SAN FRANCISCO (AP) — Skeptical members of the 9th U.S. Circuit Court of Appeals questioned the soundness of Barry Bonds’ obstruction of justice conviction for a rambling response to a grand jury in 2003 and left open the possibility they may throw out the verdict.
During oral arguments that lasted just over an hour Thursday, judges asked a federal government lawyer how an evasive answer could be obstructive given that the U.S. Supreme Court has ruled it is a prosecutor’s duty to pin down a witness who gives an evasive answer.
“I don’t see how there is sufficient evidence where the question was re-asked immediately and answered repeatedly,” Circuit Judge Susan P. Graber said. “So it’s as if someone says, ‘Well I can’t remember what time it was. Oh, yeah, it was 7 o’clock.’ It just doesn’t make sense to me that a jury could find the elements as instructed given the specifics of this case.”
Bonds was given immunity to testify before a grand jury investigating the illegal distribution of performance-enhancing drugs. Prosecutors asked Bonds whether Greg Anderson, his personal trainer, ever gave him “anything that required a syringe to inject yourself with?”
Baseball’s career home runs leader referred to his father, former major leaguer Bobby Bonds, when he responded: “I was a celebrity child, not just in baseball by my own instincts. I became a celebrity child with a famous father. I just don’t get into other people’s business because of my father’s situation, you see.”
Barry Bonds answered “no” to similar questions later in his grand jury appearance. His lawyer, Dennis Riordan, argued that was sufficient to override any non-responsive answers.
“Can a non-responsive, misleading answer be cured?” Circuit Judge Jacqueline H. Nguyen asked Assistant U.S. Attorney Merry Jean Chan.
“Cure is a different word than I would use,” Chan said.
“Nevertheless, that’s the question you are being asked, and I would like to know an answer to Judge Nguyen’s question, not a different question,” Chief Judge Alex Kozinski said.
Many in the court room laughed when Circuit Judge N. Randy Smith interjected: “Did you just give an evasive answer?”
“At least I don’t think I had the intent to. There was no corrupt intent, your honor,” Chan responded.
Kozinski then chimed in: “That might be a jury issue. And remember that the U.S. Attorney is watching.”
The jury at Bonds’ trial in 2011 failed to reach a verdict on three counts charging him with making false statements when he denied receiving steroids and human growth hormone from Anderson and denied receiving injections from Anderson or his associates. Prosecutors later dismissed those three charges.
The guilty verdict was upheld last year in a unanimous vote by a three-judge panel of the 9th Circuit, but a majority of the court’s 28 participating judges voted to set aside that decision and have the larger group rehear the appeal. A decision by the 11-judge panel is not expected until next year.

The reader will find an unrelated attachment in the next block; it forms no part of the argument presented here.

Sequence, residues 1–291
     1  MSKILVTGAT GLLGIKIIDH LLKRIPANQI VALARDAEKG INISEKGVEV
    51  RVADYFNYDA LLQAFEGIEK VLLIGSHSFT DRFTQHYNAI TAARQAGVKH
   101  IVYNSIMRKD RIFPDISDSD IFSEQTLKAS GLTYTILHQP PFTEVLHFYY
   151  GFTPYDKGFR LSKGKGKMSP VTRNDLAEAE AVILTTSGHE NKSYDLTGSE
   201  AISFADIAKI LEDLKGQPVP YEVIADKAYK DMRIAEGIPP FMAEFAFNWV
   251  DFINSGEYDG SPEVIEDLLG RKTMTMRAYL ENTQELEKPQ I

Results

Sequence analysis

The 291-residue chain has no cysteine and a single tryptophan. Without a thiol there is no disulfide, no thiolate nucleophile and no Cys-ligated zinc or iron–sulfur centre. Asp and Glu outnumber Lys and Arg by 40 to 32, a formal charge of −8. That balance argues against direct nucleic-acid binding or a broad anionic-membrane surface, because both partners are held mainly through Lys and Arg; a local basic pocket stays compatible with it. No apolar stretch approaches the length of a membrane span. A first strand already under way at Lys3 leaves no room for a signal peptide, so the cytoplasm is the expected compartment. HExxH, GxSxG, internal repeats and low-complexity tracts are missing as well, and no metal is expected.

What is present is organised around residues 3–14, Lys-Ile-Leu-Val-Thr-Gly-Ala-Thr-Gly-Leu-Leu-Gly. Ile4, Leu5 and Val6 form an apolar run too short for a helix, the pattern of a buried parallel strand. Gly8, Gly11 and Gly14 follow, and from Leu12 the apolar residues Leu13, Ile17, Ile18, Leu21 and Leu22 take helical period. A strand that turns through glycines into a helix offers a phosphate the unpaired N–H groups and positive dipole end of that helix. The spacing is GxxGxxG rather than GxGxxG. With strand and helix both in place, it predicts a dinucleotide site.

Bonds has served his sentence of 30 days of home confinement and paid a $4,000 fine. He also was placed on two years of probation and ordered to perform 250 hours of community service in youth-related activities.
Kozinski and Circuit Judge Stephen Reinhardt expressed concern that Bonds’ third superseding indictment charged him with obstruction specifically for the answers cited in the false statement charges but not in the answer that led to his conviction.
Chan said that element was covered by language in the obstruction charge saying it was “not limited to” the specific answers cited in the indictment and that Bonds’ lawyers had sufficient notice because the “celebrity child” answer was included in proposed jury instructions given to Bonds’ side about one month before the trial.
Chan called it “simple narrowing.”
“I think that’s misleading, you know, (an) attempt to sort of mislead the proceeding,” Kozinksi said. “If that’s what you’re going after, doesn’t the government have an obligation to list it and say look, this is what we’re going after you (for), this is what you need to defend?”
Chan argued that Bonds had a “corrupt intent” in attempting to obstruct the grand jury with the rambling answer. Kozinski questioned Riordan’s assertion that a true statement cannot constitute obstruction.
“One can mislead with the truth,” he said. “One can certainly mislead with irrelevant statements by leading a questioner into blind alleys, and isn’t that why we have a jury? A jury was instructed. It heard arguments, and it concluded there was in fact a corrupt obstruction of justice here. Why don’t we defer to the jury?”
Circuit Judge William A. Fletcher compared the prosecution’s definition of obstruction with lawyers who evaded questions in civil litigation with the intent to mislead. When he asked Chan whether that would be criminal behavior, Chan said she believed it would be.
“So how many San Francisco lawyers do you intend to put in jail?” Fletcher said. “That is common behavior in civil litigation. Have you just criminalized half the bar here? … I find your reading of the statute absolutely alarming, and half the bar, maybe three-quarters, maybe all of the bar is in big trouble.”